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Pretty in pink Beach stands out from gray rocks along Superior’s North Shore

by Molly Morris | April 7, 2022 at 4:00 a.m.
In 1998, Alden Lind stood among the pines overlooking Lake Superior at the former site of Twin Points Resorts, which his family owned and operated for several decades. (Marlin Levison/Minneapolis Star Tribune/TNS)

MINNEAPOLIS -- In the Land of 10,000 Lakes, one beach in northern Minnesota stands out. While most of Lake Superior's iconic shoreline is gray rock, this stretch is a surprising pink.

Many North Shore visitors likely skirt past Iona's Beach as they zip by on Highway 61 en route to popular waterfalls and some of the most visited state parks in Minnesota. But those who veer off the beaten path find salmon-colored pebbles and a serene spot to take in the largest of the five Great Lakes.

"It is a relatively unusual composition of volcanic rock," said John Green, a retired Duluth professor who wrote a book on the geology of the North Shore.

It's not just the pink color that makes this beach distinct. Iona's, about 15 miles north of Two Harbors between Gooseberry Falls and Split Rock Lighthouse state parks, is dubbed a "singing beach." In the right conditions, the frigid waves toss the cobbles, creating a subtle tinkling chime rippling down the crescent-shaped cove.

"You have to be there on the right day -- it can't be too windy and it can't be still," said AmberBeth VanNingen of the Minnesota Department of Natural Resources. "There's an allure ... it's just a magical thing about the place."

The DNR has designated 11 acres as a Scientific and Natural Area -- one of more than 160 in the state. While many SNAs preserve public lands for rare plants, birds and other biological features, Iona's was established to protect its unique geology.

The area's billion-year-old rocks originated from lava flows, solidifying into either basalt -- the dark gray rock that dominates the North Shore -- or the paler rhyolite, which also makes up the impressive Palisade Head nearby. Water and ice have chipped away at the neighboring 30-foot-high rhyolite cliffs; the powerful waves have rounded the pink fragments and carried them southwest to build up the beach, where a basalt outcrop blocks the rocks from traveling farther.

Green advocated for the protection of Iona's Beach and Sugarloaf Point, about 30 miles away, in the 1980s and 1990s.

"Everybody thought that it would be a shame to have that developed," Green said. "There's such a real estate rush these days. ... It's really important that ... special places like this do get preserved for future generations. They don't make shoreline anymore."

Long after the Ojibwe were forced from their land in northern Minnesota, Scandinavian immigrants began settling along the North Shore. By the 1930s, as Americans started traveling by cars, tourism took off.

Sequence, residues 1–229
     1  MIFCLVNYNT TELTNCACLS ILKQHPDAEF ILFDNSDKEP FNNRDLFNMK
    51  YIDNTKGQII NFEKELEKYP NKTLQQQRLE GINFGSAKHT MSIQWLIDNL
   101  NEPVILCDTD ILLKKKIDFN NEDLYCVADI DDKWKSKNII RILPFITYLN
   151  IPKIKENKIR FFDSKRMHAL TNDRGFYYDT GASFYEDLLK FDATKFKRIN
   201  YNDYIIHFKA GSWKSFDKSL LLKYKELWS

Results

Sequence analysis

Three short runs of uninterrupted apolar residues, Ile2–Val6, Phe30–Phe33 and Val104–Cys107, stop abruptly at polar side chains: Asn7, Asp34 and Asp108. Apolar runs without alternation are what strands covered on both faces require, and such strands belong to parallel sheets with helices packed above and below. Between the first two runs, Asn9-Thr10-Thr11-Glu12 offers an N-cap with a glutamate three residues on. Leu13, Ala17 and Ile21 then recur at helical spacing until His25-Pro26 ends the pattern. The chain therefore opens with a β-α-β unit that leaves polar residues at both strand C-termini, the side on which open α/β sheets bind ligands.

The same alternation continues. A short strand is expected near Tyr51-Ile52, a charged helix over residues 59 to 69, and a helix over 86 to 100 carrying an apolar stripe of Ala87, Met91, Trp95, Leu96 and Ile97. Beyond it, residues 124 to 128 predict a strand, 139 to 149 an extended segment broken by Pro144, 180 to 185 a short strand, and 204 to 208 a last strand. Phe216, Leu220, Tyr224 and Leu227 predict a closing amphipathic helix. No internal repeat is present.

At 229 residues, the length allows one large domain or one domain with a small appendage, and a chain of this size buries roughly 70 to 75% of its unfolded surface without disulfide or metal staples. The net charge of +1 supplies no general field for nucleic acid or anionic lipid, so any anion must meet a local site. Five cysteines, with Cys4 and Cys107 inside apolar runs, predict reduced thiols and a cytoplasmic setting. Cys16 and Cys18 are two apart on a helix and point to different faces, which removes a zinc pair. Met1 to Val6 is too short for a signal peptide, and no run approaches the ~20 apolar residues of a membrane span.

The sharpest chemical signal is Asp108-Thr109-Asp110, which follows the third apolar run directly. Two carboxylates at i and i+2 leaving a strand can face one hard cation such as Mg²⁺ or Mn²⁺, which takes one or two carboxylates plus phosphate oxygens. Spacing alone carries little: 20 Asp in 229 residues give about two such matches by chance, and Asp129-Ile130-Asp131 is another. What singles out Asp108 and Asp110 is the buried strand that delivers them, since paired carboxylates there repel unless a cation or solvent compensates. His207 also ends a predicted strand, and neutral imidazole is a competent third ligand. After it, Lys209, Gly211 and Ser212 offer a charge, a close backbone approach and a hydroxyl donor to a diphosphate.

Iona Lind, a Finnish immigrant, came across the wild, rugged land near the beach with her husband, John, an ore dock worker. The couple cleared the dense brush and John hand-built simple cabins, some with materials he scavenged from an old Civilian Conservation Corps camp.

Twin Points Resort opened in 1938. For nearly six decades, the family operated a restaurant, motel and the pink, blue and yellow cabins that sat along 3,300 feet of shoreline just steps from the tranquil cove.

"We got beautiful cabins with a fine view," Iona told Tribune columnist George Grim in 1950. Iona would often greet guests with a key and jar filled with pansies. Up until the time they closed the resort in 1994, partly a casualty of changing visitor tastes in accommodations, the Linds were renting some cabins for $25 a night.

The family could have sold their land for $1 million or more, according to a 1995 Star Tribune article. Instead, Iona wanted the land to be accessible to the public, said Arlene Lehto, the couple's daughter, who was an environmentalist and a state legislator in the 1970s and 1980s.

"We were always looking to the future, for the state to take over that property because there just weren't that many places that anybody could get to the lakeshore," said Lehto, 82, of Duluth. "It's refreshing (to be there). ... I'm proud of it."

The family was involved with the Save Lake Superior Association, among the plaintiffs in the 1970s case against the Reserve Mining Co. for dumping taconite tailings into the lake.

"We've got to try to protect the North Shore," the couple's son Alden Lind, a well-known Duluth environmentalist and professor, said in the 1995 article. "It's one of those special places that characterize the beauty of Minnesota." (Alden died in 2001.)

The family sold their land in 1995 in a complicated land swap. Three years later, Iona died at age 89, her obituary urging continued work to restore and protect the lake -- "this most wondrous of nature's creations."

'A very Zen place'

Iona's Beach is off the Gitchi-Gami State Trail, the paved path named after the Ojibwe word for the Great Lake, and it's part of the Lake Superior Circle Tour. Similar to other SNAs, visitors won't find many amenities beyond a small parking lot and boat launch. But these public lands are purposely left undisturbed; collecting rocks is prohibited.

Since it's free to visit, the DNR doesn't track numbers but VanNingen, the acting resource management coordinator for its SNA program, says it is one of the state's busier SNAs during the spring and summer.

"It's a very Zen place to visit," says Arika Preas, a naturalist with the SNA programs. "It's amazing how long you can stand and look at the lake. The time just disappears."

Print Headline: Pretty in pink Beach stands out from gray rocks along Superior’s North Shore


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